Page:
Royal Armouries

Horse Muzzle

Images

colour photo of a decorated horse muzzle

Horse muzzle. German, probably Augsburg, 1572 (VI.199)

  • colour photo of a decorated horse muzzle

    Horse muzzle. German, probably Augsburg, 1572 (VI.199)

  • monochrome photo of an armoured figure holding a wooden baton

    Greenwich armour for field and tournament. (II.40)

  • monochrome photo of armoured figures on foot and horseback

    Figure of Sir Henry Lee in the New Horse Armoury with horse muzzle VI.199. About 1870 © Private collection 2013

Date: 1572 | Object number: VI.199

Statistics

Object Provenance: German, probably Augsburg, dated 1572

Horse Muzzle

Description

Made of steel and finely pierced and decorated with a delicate openwork pattern of scrolling tendrils which form a wide horizontal band at the top, two vertical bands at the sides and a central panel at the bottom. The upper band has an Imperial eagle at the centre, with the letters IWDZBM and GDHGG at either side. Below this is the date 1572 (or possibly 1512, though this is unlikely) and below this a fleur-de-lys. The fleur-de-lys is probably arms of the Welser family, party per pale a fleur-de-lys counterchanged argent and gules.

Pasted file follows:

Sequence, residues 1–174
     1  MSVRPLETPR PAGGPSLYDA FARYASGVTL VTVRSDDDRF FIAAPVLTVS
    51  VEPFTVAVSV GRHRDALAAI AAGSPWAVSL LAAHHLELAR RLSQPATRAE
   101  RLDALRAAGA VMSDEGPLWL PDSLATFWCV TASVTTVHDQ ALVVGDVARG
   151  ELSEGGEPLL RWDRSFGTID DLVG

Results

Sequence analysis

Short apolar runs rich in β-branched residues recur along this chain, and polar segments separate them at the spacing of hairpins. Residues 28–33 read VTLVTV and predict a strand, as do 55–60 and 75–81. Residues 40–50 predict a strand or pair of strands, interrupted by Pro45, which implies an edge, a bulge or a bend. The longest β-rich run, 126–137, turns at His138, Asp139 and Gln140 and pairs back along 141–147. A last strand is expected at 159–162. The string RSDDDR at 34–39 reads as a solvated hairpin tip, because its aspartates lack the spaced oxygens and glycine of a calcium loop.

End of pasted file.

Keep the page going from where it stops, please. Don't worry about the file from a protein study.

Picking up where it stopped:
Several members of this influential merchant family held government and municipal offices in Augsburg and Nuremberg in the 16th century. The inscription can be read as Johannes Welser der Zeugamts bestellter Meister (or der Zeit Burgermeister); Gott der Herr gebe Gnad (Johannes Welser, appointed Master of the Ordnance Office (or at this time Mayor); may the Lord God give him Grace). Johannes was the son of Anton Welser and nephew of Bartolomeus, the most significant of the Welser family in the 16th century, an advisor to Charles V by whom the family’s arms were granted in 1522.

The fashion for horse muzzles was short lived; many are dated, and most of the dates fall between 1552 and 1621 (Chodynsky 1987). They were also very restricted geographically, the majority coming from Germany, mainly Styria, Carinthia, Bavaria and Saxony. Very little is known about their use. Though they still feature as part of traditional Bavarian horse harness today, they are mentioned in hardly any equestrian manuals, and there are hardly any illustrations of them in use.

This one was probably purchased in the first half of the 19th century for the Tower. It was displayed in the Line with the armour of ‘Sir Henry Lee’ (II.40).

References

J. Hewitt, Official Catalogue of the Tower Armouries, London, 1859, 39, VI.12

Statistics

Object Provenance: German, probably Augsburg, dated 1572

Related Objects

Lee: Queen Elizabeth I’s Champion Click on the title link above to find out more.

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